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2010-03-20
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The Aid and Distraction of Technology

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Tagged As: Blog and Technology

Technology has certainly become an integral part of our lives. Business folks are inextricably connected to their Blackberries and always looking at them both for work and for idle distraction. Most everyone else seems tied into their iPhone or equivalent. College students can hardly be separated from their laptops unless distracted by sex or alcohol. And they usually have no problem being connected as many universities have gone for full wireless coverage and no longer look at you funny if you bring a laptop to class. That is, unless you're at a small but growing list of universities that have begun banning them. Many professors, noting that laptops are becoming less used for notes and more used for in-class distraction, have started banning laptops and forcing students to take notes the caveman way, with writing implements.

Handspring Visor - image from Wikipedia.

I remember trying to use a laptop on a few occasions for taking notes in class ages ago and it didn't last long. It wasn't because I couldn't type, I can often type fast enough to literally transcribe word for word business meetings.1 As one of the only computers I actually felt the typing was distracting to everyone else plus in many of my classes, I couldn't capture a key diagram or circuit drawing which meant I needed pencil and paper anyway. Perhaps a touchscreen tablet with a viable bit of software would be useful, but I would side with the professors that a laptop isn't that useful for taking notes (most people I know don't type fast enough anyway). Not too much later, USMA issued every one of the computer science cadets a Handspring Visor soliciting our feedback as to whether a tool like this was useful for cadets and lieutenants. Considering it's lack of good apps (relative to today) I was surprised I tried so hard to make it useful.2 All it really did for me was add to my agreement that it's a distraction since I was busy linking it through my cell phone to get wireless Internet at an awesome 28.8kbps. Other than an addressbook, calendar and email, a smartphone isn't exactly that useful of a tool for the sake of business in the sense that it certainly doesn't need to be out during meetings. I can't stand when we present material to a client only to see them staring into their laps typing vigorously with their thumbs (is my work that good for you or do you have a cell phone down there?). What do you think - useful in appropriate places or useful everywhere?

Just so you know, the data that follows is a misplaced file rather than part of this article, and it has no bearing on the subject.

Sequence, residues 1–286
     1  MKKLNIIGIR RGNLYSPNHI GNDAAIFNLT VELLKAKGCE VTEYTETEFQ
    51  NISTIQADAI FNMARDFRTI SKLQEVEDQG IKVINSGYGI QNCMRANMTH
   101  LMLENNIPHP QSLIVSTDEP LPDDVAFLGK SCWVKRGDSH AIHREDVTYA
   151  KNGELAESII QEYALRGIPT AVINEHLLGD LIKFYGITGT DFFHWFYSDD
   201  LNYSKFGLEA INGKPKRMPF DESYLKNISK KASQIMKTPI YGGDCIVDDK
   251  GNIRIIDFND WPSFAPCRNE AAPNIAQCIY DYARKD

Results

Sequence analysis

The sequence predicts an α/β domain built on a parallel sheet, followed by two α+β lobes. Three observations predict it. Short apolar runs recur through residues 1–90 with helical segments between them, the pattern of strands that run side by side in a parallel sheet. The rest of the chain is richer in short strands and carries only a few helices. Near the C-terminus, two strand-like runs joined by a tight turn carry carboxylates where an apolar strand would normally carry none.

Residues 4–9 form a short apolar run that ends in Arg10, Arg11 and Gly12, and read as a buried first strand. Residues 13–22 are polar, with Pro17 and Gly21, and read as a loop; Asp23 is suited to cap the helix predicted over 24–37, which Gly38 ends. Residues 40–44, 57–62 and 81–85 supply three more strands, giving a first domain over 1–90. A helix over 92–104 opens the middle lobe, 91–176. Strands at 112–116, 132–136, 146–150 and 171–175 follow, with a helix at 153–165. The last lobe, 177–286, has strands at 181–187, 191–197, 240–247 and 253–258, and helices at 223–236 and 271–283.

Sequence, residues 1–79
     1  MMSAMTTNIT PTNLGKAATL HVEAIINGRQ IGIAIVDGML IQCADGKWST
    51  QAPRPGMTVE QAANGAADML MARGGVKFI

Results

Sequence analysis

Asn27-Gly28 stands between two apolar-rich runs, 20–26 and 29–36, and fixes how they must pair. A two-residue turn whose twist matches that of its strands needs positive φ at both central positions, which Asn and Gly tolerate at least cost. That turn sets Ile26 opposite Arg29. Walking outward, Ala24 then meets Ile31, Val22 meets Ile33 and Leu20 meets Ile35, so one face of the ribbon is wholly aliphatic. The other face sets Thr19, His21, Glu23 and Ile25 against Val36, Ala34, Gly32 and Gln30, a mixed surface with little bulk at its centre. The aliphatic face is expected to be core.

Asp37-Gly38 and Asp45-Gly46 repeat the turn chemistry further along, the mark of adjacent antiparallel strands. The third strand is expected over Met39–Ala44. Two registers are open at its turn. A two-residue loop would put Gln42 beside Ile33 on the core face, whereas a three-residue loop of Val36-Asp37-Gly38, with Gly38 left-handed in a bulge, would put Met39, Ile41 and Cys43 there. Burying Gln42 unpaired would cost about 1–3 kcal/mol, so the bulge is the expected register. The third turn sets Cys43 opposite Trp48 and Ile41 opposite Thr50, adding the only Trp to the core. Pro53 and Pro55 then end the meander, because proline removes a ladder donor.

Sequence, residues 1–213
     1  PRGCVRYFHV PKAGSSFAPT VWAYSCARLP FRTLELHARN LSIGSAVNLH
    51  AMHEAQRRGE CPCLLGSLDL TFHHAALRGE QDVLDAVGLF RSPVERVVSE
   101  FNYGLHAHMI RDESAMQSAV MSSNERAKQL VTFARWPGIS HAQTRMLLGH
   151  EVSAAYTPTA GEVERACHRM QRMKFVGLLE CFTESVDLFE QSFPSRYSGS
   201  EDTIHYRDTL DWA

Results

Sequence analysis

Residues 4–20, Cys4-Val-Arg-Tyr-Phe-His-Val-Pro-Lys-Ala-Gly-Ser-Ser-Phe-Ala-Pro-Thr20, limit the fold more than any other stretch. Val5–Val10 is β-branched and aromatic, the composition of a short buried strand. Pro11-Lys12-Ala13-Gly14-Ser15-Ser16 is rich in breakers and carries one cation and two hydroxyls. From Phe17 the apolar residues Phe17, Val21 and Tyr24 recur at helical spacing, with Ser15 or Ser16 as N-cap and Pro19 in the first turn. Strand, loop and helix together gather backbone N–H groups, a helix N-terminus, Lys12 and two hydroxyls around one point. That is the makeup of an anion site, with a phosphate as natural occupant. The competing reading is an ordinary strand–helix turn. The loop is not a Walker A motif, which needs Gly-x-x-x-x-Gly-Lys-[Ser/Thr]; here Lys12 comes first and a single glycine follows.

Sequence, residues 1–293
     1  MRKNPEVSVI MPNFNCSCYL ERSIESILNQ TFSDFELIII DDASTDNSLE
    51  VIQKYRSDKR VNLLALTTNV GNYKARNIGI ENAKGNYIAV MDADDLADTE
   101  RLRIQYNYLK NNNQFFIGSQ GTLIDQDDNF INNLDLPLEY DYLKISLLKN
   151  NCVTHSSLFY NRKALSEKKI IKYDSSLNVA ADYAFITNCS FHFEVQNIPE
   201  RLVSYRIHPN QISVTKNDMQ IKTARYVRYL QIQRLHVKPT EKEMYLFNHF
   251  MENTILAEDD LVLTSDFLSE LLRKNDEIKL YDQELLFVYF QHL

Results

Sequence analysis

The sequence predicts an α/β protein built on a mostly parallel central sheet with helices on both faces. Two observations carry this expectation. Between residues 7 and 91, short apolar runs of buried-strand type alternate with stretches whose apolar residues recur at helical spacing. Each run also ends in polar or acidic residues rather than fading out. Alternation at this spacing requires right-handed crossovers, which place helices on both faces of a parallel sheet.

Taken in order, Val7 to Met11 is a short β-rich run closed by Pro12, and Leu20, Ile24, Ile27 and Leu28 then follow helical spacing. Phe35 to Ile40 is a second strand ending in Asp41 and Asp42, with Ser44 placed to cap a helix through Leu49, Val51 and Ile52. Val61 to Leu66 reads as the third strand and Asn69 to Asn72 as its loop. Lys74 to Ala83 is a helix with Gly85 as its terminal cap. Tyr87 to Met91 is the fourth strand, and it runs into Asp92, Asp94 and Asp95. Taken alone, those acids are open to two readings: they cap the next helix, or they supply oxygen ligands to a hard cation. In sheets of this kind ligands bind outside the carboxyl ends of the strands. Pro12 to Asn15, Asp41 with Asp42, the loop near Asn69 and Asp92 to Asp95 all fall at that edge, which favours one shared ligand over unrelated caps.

1 That was particularly funny because I typed fast enough to include more than just exact dialogue but also side notes about mannerisms - my transcription read like a play where a particular client became frustrated and red-faced while slapping the table and pointing angrily at a colleague. At first, my team thought it was hilarious and used to read my minutes for entertainment to mutually laugh about our inept clients back in the teamroom. But I was eventually told to stop capturing so much because the client read our minutes (I didn't know) and they were embarrassed having their behavior forever recorded in the project's archive.

2 It eventually died during a field exercise in Korea where we were out during a typhoon. "Not Waterproof" = "Not Useful" for an army lieutenant.



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